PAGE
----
Here’s a thing I’ve been trying to get round to for a while now, but scanning booklets is a time consuming and laborious job – but in this case, very much a worthwhile one. Over recent weeks I’ve featured poetry here from Reg Fullelove, and I said at the time that I had a book of his to scan and present for readers.
Well, in PDF form, here is a downloadable version of ‘Two Sides of Aer Reg’, a book of poetry by local poet, churchman and raconteur Reg Fullelove, published in 1980.
The book appears to tie in with broadcast radio work that Reg was doing at the time. The foreword says the following:
￼TWO SIDES OF AER REG
Reg Fullelove. Born in Brownhills. Son of a miner. Member of Bourne Methodist Church, Heath Hayes. Was a Sunday School teacher, now takes an interest in church affairs as a steward. Gives devotional talks to fellowships in the district.
Aer Reg. Created through a phone-in programme on BBC Radio Birmingham in 1977 when ‘The Bonkies’ was broadcast in local dialect. Other broadcasts followed on Wulfrun Echo.
Aer Reg continued to ‘praych the werd uz e imagined they wood er dun yeers ago – tryin ter mek fokes loff but orlso mekin um think.’
So yow cun loff un pray by the touch of a pen.
I find it’s best if you read the work – which is often written phonetically, in heavy dialect – in the voice of Reg himself. Reg can be heard narrating the 1934 Brownhills Carnival film I posted here last year. Reg is an irrepressible character with a great local accent, and also a devout and religious man with a keen eye and memory for detail.
All these things can be observed in his wonderful poems.
Some questions arise; primarily what of the radio show ‘The Bonkies’ – who, what, where and when of course, but also do any recordings exist? Secondly, what was Wulfrun Echo? Community radio perhaps?
I’d like to thank reg for his work. He really is a local hero, and I salute his spirit and tenacity.
I’m sure there will be comment; please feel free to have your say or email me: BrownhillsBob at Googlemail dot com. Cheers.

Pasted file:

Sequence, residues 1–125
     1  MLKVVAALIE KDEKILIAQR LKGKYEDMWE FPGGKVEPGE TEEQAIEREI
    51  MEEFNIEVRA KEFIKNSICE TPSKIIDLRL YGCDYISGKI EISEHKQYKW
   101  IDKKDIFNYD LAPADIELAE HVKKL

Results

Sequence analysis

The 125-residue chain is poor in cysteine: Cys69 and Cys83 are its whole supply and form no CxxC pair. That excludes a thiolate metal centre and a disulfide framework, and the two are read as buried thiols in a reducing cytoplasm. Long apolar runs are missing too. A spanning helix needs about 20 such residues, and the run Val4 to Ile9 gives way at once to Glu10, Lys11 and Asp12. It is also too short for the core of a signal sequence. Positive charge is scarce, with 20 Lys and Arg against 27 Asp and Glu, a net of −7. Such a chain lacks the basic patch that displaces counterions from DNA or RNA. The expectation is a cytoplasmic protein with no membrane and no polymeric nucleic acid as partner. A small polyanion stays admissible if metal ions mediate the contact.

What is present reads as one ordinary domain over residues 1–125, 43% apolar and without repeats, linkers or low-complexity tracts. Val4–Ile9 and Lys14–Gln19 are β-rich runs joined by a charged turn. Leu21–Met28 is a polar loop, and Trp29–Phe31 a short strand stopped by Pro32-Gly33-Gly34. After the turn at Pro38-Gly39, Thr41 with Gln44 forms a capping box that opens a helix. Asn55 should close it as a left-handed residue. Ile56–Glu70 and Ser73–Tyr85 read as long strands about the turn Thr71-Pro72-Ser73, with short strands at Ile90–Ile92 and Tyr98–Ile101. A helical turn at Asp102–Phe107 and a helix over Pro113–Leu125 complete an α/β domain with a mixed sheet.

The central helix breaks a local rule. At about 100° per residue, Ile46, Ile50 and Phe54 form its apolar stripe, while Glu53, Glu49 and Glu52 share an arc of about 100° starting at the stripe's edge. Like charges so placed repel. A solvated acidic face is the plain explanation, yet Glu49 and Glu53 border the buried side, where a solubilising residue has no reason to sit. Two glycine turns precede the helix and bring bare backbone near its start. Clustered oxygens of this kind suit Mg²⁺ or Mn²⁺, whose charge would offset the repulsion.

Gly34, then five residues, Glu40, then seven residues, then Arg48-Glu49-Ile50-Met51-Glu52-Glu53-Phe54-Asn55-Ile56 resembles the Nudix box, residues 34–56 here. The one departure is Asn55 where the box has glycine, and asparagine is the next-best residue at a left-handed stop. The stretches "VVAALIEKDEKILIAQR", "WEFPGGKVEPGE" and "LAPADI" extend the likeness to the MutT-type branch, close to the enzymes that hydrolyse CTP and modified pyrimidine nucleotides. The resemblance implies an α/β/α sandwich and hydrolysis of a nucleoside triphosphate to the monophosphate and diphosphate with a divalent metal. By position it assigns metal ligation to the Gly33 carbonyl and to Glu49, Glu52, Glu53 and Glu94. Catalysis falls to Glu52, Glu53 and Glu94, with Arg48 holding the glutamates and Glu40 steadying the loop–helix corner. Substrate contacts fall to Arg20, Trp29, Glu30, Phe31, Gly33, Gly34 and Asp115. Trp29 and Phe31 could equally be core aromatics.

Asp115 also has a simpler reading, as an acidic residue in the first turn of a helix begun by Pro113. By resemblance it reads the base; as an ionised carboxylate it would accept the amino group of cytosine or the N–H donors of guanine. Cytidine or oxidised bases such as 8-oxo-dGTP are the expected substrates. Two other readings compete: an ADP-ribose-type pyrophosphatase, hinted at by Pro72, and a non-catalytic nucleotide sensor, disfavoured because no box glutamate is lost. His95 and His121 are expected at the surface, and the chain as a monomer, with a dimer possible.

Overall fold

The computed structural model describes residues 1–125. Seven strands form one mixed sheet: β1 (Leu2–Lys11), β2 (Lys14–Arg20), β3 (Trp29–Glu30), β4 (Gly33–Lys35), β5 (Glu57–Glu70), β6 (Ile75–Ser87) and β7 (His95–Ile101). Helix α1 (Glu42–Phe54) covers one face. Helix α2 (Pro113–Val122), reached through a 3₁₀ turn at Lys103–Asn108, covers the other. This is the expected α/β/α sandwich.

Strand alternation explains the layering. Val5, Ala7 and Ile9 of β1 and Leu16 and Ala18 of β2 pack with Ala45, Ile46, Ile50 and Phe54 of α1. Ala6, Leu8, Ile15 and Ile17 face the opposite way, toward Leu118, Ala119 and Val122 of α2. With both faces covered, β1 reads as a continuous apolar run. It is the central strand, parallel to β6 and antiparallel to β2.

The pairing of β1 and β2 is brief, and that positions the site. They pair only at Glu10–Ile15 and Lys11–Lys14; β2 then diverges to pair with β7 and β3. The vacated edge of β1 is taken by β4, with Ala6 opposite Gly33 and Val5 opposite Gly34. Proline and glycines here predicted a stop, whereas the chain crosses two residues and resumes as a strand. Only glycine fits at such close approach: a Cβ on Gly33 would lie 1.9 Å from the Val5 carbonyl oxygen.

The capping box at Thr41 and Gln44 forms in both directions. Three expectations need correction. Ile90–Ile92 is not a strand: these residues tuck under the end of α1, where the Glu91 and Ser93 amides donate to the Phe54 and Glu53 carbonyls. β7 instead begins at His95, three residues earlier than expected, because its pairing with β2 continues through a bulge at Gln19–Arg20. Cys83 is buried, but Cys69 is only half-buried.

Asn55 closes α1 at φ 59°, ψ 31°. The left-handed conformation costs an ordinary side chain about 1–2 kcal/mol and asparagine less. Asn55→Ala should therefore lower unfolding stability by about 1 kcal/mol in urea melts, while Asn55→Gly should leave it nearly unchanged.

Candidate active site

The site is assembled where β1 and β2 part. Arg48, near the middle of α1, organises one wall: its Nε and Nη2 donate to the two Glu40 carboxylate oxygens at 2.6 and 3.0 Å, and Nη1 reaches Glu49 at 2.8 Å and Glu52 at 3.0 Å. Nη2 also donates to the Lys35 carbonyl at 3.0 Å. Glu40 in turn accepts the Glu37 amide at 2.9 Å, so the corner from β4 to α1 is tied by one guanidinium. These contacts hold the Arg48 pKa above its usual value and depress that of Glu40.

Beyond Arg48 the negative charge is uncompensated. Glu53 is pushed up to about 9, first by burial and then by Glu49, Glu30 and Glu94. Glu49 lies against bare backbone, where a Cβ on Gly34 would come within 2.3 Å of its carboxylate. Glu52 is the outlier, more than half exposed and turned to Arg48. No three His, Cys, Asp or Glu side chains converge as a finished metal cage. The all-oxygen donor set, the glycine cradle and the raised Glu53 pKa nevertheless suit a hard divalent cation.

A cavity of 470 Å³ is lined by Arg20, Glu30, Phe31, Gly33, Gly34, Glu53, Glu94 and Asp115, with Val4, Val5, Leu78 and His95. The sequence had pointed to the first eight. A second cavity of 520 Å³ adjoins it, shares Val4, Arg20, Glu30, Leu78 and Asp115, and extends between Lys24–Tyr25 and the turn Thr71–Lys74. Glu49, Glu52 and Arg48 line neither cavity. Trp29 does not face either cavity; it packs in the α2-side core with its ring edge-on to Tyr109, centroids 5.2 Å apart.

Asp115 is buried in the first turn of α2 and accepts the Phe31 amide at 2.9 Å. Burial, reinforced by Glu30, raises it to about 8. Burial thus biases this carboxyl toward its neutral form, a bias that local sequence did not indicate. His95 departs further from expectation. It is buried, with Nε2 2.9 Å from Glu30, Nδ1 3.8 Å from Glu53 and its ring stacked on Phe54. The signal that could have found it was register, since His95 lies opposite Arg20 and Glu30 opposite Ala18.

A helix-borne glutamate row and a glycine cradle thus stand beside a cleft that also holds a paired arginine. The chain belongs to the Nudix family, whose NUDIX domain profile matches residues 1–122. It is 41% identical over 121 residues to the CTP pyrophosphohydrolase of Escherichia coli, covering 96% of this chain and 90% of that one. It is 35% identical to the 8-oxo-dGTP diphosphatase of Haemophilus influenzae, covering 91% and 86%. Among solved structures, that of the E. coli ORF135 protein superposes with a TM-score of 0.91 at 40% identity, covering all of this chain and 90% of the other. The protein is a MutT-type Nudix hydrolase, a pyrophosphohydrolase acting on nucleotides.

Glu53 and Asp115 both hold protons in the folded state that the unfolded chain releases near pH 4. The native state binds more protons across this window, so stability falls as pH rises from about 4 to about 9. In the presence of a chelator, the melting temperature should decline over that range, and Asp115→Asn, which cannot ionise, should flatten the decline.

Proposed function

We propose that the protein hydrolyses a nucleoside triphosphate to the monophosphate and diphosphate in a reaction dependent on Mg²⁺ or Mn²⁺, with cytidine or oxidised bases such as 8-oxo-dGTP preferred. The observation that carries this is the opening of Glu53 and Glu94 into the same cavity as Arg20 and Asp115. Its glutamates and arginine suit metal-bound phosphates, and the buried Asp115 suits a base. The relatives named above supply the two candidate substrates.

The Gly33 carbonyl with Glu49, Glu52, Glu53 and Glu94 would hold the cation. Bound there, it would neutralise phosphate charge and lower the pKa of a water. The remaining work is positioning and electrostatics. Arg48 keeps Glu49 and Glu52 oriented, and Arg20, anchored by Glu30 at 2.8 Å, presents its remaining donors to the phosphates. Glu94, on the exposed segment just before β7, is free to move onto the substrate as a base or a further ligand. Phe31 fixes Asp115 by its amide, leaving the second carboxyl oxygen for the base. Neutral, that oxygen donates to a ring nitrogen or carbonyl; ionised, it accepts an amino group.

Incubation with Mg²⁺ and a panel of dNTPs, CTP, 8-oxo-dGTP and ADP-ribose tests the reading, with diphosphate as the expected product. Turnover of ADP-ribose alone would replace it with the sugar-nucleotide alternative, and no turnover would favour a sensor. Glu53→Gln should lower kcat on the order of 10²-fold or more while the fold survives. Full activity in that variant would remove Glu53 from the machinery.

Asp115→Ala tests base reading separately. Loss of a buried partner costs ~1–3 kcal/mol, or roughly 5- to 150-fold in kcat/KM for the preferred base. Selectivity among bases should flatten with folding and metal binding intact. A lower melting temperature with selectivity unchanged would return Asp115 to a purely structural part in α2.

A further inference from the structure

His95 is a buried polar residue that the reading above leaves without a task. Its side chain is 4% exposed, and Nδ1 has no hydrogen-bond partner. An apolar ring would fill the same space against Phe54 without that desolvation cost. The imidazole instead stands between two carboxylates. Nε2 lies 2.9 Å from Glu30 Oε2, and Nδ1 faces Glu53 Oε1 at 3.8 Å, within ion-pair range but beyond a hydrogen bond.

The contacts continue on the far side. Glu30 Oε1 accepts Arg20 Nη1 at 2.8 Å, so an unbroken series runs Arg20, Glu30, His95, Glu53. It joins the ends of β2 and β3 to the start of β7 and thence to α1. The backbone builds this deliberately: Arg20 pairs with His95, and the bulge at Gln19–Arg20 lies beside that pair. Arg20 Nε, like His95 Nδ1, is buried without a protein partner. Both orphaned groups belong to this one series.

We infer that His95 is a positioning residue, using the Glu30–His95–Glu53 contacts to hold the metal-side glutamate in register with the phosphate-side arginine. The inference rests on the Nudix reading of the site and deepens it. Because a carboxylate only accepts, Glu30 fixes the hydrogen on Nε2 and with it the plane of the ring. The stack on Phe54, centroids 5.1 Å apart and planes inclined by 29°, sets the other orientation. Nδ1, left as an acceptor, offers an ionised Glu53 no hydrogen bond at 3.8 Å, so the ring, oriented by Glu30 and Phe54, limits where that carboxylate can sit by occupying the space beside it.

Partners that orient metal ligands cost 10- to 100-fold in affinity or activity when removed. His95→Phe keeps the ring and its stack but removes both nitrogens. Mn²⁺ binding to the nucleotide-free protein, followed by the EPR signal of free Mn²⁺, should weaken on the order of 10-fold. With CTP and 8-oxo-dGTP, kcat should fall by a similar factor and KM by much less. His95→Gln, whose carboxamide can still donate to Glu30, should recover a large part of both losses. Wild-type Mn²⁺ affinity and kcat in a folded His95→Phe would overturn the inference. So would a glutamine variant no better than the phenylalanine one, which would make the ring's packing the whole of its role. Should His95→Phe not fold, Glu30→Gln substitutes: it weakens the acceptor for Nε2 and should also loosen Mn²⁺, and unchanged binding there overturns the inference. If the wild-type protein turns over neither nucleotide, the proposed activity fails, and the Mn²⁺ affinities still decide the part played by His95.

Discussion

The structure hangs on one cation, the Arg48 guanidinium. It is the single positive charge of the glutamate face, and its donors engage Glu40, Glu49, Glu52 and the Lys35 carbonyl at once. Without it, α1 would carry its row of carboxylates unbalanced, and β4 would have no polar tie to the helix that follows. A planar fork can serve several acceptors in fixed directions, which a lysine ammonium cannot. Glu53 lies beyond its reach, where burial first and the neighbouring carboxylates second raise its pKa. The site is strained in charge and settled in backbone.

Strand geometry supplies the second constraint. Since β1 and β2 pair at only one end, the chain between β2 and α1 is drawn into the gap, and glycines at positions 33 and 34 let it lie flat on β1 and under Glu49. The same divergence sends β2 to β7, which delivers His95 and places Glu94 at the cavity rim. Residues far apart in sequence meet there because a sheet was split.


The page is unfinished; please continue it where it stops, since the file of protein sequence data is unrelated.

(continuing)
BLACK LEAD GRATE – DOLLY TUB
Black lead grate and dolly tub memories of the past
But they were part of a heritage that forever may it last,
A roasting fire on washing day to keep the flat iron hot,
Posh white sherts, all stiff with starch, me grannie washed the lot,
Remember the smoky boiler fire, brewhouse full of smoke
Bubbling boiling clean flannelette sheets, with boiler stick to poke
Doble event un dicky bow, shiny bowler hats,
Tweed plusfours, working boots, and evening shoes with spats
Bustle and shawl, big posh hat, nice white pinafore
This was the dress of bygone days, when house work was a chore
No gentle hum of washing machine no suction cleaner sound
But the thump thump of a dolly tub as the weekly wash it pound.
Friday was the black lead day, brasses to be cleaned
But with elbow grease and polish they soon had quite a sheen
No one had a freezer, just a pantry sill
The snap was good and simple, and yer empty belly fill
Ther wor no posh Axminsters, central heating all sublime
But a good bodged rug by a coal fire, that made brass fender shine
Every house had an iron foot, for dad to cobble shoes
Every Mom a seamstress as she sat and mended clews
Nobody had a Tele to watch till eyes went square
Yow was posh if yow ad a piano, but yow all ad time to spare
Ter say hello and hows yer health, enjoy a little lof
Ar yes terday we’ve got it all, but are we better off.